Future global climate change can have a significant impact on society and the biosphere. Therefore, it is important to assess the factors influencing climate. Atmospheric constituents such as CO2 and aerosol particles can significantly affect the global radiative budget and thus climate. Whereas the effects of greenhouse gases are well known, the effects of aerosols on the radiative budget remain highly uncertain. Actual modeling suggests that aerosol particles may cool the atmosphere by directly scattering incoming ultraviolet radiation and absorbing terrestrial radiation, and indirectly by acting as cloud condensation nuclei and ice nuclei, changing the radiative properties of clouds. In the upper troposphere, temperatures promote the formation of ice leading to the formation of cirrus clouds that can reflect solar radiation and absorb terrestrial radiation.

The oceans are a major source of aerosol particles. It has been shown that many of these natural aerosols are comprised of sea salt and surface active amphiphilic organic compounds. These organic compounds can act as ice nuclei, altering the freezing temperature of the aerosol particle. Only a few studies have explored the effects of such monolayers acting as heterogeneous ice nuclei, and have shown that the monolayers induce freezing on pure water droplets at higher temperatures.

Here, we examine the effect of several different long chain organic molecules on ice nucleation from aqueous salt droplets. First we determine the monolayer properties by measuring pressure-area isotherms and the equilibrium spreading pressure (ESP) of four different organic surfactants on 5 wt% and 20 wt% aqueous NaCl solutions. This is done using a 612-D model Langmuir-Blodgett trough. Depending on the chain length, and amount of dissolved salt in the droplets, the molecules will pack more tightly or are structured further apart. This may greatly influence the freezing point of an aerosol. Freezing experiments are conducted on aqueous NaCl droplets coated with the different organics at ESP. The freezing experiments are carried out using a cryo-cooling stage coupled to an optical microscope. The isotherms and ESP values provide a detailed molecular understanding of the effect of surface active organic compounds on the freezing of aqueous salt particles.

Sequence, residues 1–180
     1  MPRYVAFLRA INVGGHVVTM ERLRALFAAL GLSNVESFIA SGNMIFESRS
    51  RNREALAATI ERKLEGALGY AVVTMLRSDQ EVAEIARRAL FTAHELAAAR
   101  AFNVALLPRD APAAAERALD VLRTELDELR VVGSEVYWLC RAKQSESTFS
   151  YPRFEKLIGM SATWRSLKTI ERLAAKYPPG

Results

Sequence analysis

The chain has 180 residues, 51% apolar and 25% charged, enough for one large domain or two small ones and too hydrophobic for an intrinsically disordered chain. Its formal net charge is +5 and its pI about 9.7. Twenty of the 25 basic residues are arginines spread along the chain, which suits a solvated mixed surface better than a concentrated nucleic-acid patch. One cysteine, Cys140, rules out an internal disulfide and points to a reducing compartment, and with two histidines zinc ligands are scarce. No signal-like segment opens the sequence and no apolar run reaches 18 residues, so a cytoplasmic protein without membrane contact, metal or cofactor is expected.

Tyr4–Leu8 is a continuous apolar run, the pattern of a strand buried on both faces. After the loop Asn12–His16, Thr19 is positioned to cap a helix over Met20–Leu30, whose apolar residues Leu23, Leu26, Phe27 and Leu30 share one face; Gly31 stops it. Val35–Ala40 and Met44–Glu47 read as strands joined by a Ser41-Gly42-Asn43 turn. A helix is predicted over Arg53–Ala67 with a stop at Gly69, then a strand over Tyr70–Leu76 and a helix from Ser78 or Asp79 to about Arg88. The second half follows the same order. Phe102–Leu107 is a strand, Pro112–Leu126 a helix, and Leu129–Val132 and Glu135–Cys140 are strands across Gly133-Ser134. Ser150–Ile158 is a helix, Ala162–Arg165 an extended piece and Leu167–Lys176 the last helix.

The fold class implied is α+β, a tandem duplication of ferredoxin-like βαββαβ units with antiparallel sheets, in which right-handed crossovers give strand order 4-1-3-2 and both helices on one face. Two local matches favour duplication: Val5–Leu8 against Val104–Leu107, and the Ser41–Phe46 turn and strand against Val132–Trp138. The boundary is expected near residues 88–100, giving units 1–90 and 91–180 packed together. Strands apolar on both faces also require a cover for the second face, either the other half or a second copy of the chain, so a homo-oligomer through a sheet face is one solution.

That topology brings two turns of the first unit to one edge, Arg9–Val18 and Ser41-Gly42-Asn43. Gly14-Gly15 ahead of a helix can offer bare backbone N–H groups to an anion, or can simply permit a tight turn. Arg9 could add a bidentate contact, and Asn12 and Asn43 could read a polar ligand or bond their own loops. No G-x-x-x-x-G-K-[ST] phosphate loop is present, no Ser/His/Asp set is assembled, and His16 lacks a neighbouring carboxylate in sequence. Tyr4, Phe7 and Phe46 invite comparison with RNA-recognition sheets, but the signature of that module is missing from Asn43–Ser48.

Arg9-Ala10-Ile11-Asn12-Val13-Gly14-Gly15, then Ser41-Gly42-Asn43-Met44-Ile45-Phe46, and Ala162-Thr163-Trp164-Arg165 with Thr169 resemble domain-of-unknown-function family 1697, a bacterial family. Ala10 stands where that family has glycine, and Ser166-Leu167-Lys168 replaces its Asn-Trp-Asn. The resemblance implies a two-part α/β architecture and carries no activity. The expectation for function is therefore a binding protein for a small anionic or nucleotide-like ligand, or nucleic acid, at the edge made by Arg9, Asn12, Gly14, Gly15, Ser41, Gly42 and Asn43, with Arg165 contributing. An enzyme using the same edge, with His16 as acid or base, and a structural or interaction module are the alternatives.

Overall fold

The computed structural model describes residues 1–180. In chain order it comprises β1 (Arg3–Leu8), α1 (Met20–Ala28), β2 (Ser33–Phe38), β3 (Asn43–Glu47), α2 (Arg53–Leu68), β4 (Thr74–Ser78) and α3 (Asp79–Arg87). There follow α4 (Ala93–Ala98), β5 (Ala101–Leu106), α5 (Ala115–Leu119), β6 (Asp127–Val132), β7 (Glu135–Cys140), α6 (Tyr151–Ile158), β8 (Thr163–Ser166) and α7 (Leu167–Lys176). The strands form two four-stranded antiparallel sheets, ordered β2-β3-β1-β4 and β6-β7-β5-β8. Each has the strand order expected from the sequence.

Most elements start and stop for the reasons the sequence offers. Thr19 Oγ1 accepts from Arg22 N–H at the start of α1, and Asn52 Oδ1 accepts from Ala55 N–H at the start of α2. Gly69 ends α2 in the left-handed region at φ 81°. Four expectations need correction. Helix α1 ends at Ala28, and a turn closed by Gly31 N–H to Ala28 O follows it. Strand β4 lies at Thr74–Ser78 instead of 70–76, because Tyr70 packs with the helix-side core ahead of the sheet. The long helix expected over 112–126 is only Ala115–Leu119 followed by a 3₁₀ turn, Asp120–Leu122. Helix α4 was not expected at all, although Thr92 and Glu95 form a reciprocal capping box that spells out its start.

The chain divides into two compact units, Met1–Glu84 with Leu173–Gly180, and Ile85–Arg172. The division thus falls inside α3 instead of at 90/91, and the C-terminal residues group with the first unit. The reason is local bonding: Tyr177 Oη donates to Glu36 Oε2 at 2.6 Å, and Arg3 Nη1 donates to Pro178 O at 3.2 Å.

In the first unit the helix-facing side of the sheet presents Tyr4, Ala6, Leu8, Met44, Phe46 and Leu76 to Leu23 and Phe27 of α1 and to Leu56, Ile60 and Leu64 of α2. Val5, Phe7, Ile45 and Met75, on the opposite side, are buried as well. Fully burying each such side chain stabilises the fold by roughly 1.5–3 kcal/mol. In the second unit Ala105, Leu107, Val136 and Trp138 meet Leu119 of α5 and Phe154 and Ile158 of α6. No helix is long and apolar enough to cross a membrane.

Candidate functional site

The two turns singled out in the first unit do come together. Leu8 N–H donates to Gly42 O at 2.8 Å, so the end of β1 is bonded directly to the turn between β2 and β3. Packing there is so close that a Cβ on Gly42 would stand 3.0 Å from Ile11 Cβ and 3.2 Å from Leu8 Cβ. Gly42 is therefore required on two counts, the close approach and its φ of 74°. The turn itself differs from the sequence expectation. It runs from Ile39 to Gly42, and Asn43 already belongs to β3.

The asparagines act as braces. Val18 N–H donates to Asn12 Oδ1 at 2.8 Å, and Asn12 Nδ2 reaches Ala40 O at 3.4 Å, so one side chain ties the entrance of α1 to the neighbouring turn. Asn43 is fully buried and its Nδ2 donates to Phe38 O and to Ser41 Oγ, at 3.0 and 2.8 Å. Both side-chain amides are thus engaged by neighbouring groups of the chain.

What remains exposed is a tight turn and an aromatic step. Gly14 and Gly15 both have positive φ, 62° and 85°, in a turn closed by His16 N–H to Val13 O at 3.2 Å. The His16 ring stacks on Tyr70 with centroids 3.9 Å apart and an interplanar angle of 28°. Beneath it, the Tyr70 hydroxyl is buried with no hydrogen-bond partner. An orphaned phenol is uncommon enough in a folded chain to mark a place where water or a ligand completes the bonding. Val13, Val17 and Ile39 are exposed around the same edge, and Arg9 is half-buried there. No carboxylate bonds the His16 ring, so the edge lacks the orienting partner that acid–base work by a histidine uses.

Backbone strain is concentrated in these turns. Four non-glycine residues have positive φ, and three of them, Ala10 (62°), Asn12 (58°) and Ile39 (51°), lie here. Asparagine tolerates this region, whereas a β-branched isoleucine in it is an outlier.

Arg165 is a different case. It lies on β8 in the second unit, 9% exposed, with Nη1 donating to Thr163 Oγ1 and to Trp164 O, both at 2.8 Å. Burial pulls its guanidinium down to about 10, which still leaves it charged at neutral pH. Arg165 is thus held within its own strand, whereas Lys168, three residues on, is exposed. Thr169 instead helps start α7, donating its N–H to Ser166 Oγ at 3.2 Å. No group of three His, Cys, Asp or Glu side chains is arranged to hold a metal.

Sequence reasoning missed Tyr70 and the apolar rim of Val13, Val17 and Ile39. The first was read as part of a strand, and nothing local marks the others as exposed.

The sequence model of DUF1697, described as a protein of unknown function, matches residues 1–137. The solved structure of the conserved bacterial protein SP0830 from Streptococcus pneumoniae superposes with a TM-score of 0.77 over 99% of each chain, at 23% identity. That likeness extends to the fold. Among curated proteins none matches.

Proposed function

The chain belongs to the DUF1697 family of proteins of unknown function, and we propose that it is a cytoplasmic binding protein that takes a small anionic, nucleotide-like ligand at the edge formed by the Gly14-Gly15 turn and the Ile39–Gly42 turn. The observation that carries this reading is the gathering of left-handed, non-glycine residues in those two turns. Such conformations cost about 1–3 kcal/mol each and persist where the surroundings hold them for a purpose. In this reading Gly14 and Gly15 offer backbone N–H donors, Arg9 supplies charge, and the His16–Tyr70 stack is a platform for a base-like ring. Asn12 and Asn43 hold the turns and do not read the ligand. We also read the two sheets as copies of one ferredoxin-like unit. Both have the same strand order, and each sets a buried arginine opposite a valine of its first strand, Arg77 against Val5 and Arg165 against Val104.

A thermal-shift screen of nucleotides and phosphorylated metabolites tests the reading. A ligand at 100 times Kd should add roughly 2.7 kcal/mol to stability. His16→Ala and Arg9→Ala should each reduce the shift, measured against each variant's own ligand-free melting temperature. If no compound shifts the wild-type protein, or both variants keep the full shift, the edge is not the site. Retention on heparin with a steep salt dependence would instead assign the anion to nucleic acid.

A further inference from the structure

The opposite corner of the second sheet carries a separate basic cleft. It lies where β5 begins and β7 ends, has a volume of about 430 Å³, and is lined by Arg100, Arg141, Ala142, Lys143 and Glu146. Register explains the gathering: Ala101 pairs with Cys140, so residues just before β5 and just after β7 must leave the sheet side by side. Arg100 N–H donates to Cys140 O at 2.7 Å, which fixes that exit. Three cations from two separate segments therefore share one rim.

This work was supported by the NOAA Climate Program Office, Atmospheric Composition & Climate Program, Grant NA08OAR4310545.

 

Adam Greeley and Kamazima Lwiza, School of Marine & Atmospheric Sciences — Seasonal and inter-annual variations of ocean chlorophyll-α production and implications on global climate change.

Adam Greeley and Kamazima Lwiza

Adam Greeley and Kamazima Lwiza